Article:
Much of Europe and the US has ‘decoupled’ economic growth from greenhouse gas emissions since 2000
By Alex Pashley
Twenty-one counties have expanded their economies while slashing carbon emissions over the past 15 years.
Nearly all are European, bar the United States and Uzbekistan, according to data crunched on Tuesday by US think tank the World Resources Institute.
Analyst Nate Aden says it shows there is no need to embrace “degrowth” – as some campaigners contend – to avoid dangerous warming.
“This suggests in order to limit warming this century to 2C and address resource constraints, you really need to move everyone towards eating tofu in the dark in caves,” he adds. “Our data suggests that isn’t the only route.”
— WRI Climate (@WRIClimate) April 5, 2016
There are several drivers for the trend.
Climate policies like carbon taxes led an 8% cut in Sweden’s emissions. Ramping up renewable energy was influential for Denmark. Switching from coal to natural gas was key in the US, for instance.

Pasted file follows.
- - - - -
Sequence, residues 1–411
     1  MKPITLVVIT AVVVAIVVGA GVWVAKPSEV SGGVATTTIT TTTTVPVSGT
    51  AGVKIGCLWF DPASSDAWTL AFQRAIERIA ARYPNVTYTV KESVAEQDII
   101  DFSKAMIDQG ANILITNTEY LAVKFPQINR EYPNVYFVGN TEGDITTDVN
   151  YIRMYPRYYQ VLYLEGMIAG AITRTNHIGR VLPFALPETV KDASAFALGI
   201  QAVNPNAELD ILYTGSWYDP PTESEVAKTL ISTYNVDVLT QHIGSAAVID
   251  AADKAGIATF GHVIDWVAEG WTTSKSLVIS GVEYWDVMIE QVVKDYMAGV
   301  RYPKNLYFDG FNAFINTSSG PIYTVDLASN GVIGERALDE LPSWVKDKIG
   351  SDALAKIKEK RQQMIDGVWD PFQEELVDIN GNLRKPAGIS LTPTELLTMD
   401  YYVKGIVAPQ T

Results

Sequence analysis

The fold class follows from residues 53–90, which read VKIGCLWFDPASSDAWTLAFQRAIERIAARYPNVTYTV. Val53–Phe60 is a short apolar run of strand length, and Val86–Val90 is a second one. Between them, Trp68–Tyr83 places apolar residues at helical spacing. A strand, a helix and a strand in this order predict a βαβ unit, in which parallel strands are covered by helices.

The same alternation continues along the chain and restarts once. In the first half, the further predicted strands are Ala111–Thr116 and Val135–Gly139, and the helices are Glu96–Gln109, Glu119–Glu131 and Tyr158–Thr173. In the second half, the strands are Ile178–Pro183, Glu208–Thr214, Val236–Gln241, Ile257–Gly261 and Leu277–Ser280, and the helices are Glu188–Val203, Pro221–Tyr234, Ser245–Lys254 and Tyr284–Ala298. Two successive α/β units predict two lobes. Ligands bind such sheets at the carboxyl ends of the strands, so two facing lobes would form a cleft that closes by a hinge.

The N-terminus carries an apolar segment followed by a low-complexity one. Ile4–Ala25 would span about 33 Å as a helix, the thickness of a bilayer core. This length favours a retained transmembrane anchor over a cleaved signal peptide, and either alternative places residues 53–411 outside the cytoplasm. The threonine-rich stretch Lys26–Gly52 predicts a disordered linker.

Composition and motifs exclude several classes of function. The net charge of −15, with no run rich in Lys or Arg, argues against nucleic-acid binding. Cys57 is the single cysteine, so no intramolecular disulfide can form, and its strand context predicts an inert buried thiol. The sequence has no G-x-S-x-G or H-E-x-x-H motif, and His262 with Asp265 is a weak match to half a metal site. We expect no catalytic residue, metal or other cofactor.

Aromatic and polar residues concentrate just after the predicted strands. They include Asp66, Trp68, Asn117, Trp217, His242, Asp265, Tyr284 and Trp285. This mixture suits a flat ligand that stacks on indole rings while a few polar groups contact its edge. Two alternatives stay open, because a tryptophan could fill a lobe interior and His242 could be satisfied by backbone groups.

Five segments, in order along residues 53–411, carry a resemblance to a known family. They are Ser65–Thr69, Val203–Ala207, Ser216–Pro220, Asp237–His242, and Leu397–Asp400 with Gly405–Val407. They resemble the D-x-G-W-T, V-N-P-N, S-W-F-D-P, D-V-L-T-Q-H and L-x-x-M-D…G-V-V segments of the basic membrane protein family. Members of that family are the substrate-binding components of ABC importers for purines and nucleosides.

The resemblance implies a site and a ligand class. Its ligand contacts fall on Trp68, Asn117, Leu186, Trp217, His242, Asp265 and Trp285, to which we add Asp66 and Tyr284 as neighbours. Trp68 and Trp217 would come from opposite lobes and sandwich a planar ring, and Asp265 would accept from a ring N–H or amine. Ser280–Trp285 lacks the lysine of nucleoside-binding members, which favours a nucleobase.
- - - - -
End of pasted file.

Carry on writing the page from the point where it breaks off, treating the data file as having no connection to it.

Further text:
In many cases, it tells of a structural shift to a less carbon-intensive economy, Aden says. But the size of industry in Czech Republic, Switzerland and Uzbekistan hasn’t receded, suggesting countries have upgraded dirty technology.
While encouraging, these results need to be replicated and scaled up across the rest of the world to make a dent in global warming.
Collectively, the 21 countries shed just over 1 billion tonnes of CO2 a year from 2000 to 2014, but that was outweighed by increases elsewhere.